Who deserves to be hailed as the best England defender of all time?

Yahoo Sport UK
Magic moment: Captain Bobby Moore lifts the World Cup aloft – but is he England’s best ever defender? 
Magic moment: Captain Bobby Moore lifts the World Cup aloft – but is he England’s best ever defender? 

Some of the finest defenders in the history of our game have taken their place in the England team over the last century and more, but who deserves to be recognised as the best?

To kick-start Yahoo Sports new collection of features looking at ‘The Greatest’ players to have worn the England shirt, we reflect on some of the warriors who have stood proud in the national team’s defence and we will leave you to pass judgement on deserves to be hailed as the best.


Those who had the privilege to play alongside England’s 1966 World Cup winning captain will argue that there can only be one name to consider in the debate over who should be crowed as this nation’s greatest defender.

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The iconic images of Moore West Ham hero receiving the Jules Rimet trophy from Her Majesty The Queen after he let his side to victory in the 1966 World Cup final at Wembley is one of the most cherished snapshots in our sporting folklore.

That iconic image ensure that even after his passing at the tragically youthful age of 51 in 1993, Moore would retain a special place in all hearts, with the statute erected in his honour when Wembley was re-opened back in 2007 a fitting tribute to the esteem he will forever be held in.

Moore’s elegance on the field was matched by his status as a gentleman off it and in the opinion of his former England and Fulham team-mate Alan Mullery, Moore’s legacy will live forever.

“His reading of the game was a few seconds quicker than anyone and you look at the final seconds of the World Cup final in 1966 and see what should be his defining moment,” says Mullery.

“In the final minute of the game, the ball comes to Bobby and Jack Charlton was shouting at him to put it into row Z, get rid of it, but that wasn’t his way. He pinged a perfect ball upfield to Geoff Hurst and England scored the clinching goal. A wonderful moment from a wonderful man.”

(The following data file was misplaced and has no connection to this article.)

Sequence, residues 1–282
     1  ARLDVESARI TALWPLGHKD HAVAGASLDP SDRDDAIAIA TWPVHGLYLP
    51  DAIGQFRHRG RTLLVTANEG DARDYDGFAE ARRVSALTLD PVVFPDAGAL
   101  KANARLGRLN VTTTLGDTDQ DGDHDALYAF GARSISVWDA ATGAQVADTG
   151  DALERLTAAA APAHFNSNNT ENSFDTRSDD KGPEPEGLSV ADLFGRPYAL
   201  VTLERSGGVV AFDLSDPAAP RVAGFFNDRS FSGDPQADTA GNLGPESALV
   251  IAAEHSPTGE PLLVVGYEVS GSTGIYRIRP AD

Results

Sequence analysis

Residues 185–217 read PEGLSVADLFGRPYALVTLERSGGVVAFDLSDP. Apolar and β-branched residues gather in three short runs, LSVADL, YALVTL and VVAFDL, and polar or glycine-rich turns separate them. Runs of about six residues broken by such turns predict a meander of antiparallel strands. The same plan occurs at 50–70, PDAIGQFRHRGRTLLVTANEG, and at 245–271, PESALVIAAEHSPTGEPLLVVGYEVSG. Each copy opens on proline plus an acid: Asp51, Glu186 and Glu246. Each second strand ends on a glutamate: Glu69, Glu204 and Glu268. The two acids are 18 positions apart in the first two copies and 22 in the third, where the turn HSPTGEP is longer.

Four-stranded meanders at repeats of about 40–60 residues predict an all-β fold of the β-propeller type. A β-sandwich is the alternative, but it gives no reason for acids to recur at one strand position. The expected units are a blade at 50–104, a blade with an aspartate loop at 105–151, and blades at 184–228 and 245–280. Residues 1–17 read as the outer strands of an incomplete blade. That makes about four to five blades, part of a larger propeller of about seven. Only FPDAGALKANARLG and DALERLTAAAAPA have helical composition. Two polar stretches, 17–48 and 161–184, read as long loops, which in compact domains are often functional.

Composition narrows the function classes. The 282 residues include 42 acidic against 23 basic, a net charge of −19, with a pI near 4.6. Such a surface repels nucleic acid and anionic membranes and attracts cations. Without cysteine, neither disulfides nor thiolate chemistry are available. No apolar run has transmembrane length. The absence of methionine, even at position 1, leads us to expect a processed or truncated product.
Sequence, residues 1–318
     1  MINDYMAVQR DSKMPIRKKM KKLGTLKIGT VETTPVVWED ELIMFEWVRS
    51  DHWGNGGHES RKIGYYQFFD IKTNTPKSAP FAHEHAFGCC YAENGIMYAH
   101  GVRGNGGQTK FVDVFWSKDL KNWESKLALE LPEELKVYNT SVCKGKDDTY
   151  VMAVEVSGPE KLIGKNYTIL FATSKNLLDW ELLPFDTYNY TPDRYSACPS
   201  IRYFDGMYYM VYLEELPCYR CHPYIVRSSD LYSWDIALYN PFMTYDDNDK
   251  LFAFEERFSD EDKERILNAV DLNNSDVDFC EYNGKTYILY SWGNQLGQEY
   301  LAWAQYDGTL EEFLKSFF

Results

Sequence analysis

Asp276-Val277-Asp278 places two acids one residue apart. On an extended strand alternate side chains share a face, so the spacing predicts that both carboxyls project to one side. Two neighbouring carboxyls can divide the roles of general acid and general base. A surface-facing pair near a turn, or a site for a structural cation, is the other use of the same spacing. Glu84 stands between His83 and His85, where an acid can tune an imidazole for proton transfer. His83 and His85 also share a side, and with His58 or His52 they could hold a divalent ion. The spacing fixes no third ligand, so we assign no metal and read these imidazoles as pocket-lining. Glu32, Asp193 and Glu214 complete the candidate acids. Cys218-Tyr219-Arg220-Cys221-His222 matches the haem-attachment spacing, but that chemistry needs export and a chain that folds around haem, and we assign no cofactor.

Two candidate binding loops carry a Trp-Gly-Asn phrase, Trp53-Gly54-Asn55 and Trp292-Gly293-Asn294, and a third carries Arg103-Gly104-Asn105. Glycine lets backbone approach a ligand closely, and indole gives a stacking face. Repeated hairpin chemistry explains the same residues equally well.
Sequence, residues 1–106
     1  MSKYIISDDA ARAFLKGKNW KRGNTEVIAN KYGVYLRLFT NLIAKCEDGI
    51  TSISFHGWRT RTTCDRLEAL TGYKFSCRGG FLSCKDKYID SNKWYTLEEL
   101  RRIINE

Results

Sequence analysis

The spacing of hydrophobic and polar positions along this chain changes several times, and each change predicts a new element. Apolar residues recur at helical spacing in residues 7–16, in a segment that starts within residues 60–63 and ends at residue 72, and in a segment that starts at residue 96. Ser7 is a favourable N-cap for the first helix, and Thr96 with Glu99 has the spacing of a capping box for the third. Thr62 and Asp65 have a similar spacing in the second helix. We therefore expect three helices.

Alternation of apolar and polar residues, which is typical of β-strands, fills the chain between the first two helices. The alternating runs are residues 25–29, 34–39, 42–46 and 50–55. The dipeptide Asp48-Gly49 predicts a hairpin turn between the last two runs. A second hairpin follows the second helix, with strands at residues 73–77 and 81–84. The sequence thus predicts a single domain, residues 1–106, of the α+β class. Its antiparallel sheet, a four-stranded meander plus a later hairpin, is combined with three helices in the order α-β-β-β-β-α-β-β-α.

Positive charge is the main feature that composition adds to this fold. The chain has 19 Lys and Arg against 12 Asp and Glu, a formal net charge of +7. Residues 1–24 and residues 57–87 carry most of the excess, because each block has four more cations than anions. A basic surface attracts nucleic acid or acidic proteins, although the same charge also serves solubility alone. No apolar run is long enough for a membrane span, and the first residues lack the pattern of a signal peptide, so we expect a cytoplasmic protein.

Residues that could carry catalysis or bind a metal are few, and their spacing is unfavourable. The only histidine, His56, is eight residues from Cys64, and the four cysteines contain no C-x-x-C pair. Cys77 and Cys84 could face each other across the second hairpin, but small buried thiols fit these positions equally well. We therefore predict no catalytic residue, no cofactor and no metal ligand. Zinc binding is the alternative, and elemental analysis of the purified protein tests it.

In many ways, Wolves legend Billy Wright was England’s first celebrity captain.

One to remember: Billy Wright was the first man in the world to win 100 international caps for any national side
One to remember: Billy Wright was the first man in the world to win 100 international caps for any national side

Handed the leadership role of the national team in 1948, he held on to the role for the next 90 internationals he played in until his retirement in 1959, with his achievement of becoming the first player to win 100 caps at international level in world football a record that will forever be etched into the game’s record books.

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Arguably one of Wright’s most memorable England appearances came in the famous clash against a wonderful Hungary team in 1953, as the visitors – dubbed the Magical Magyars – recorded a famous 6-3 win that was only England’s second defeat on home soil in their history.

Led by the brilliant Ferenc Puskas, Hungary’s mesmeric brand of football was too much for England, as Wright recalled in an interview published in Wembley, The Greatest Stage.

“I remember moving in to tackle firmly, quickly with my eyes on the ball,” said Wright. “Nine times out of ten that tackle would have won possession, but this was the tenth time and my opponent was the incomparable Puskas. He dragged the ball back with his studs and pivoted, then his left foot flashed and there was a ball nestling in the back of the net. We had never seen anything like it.”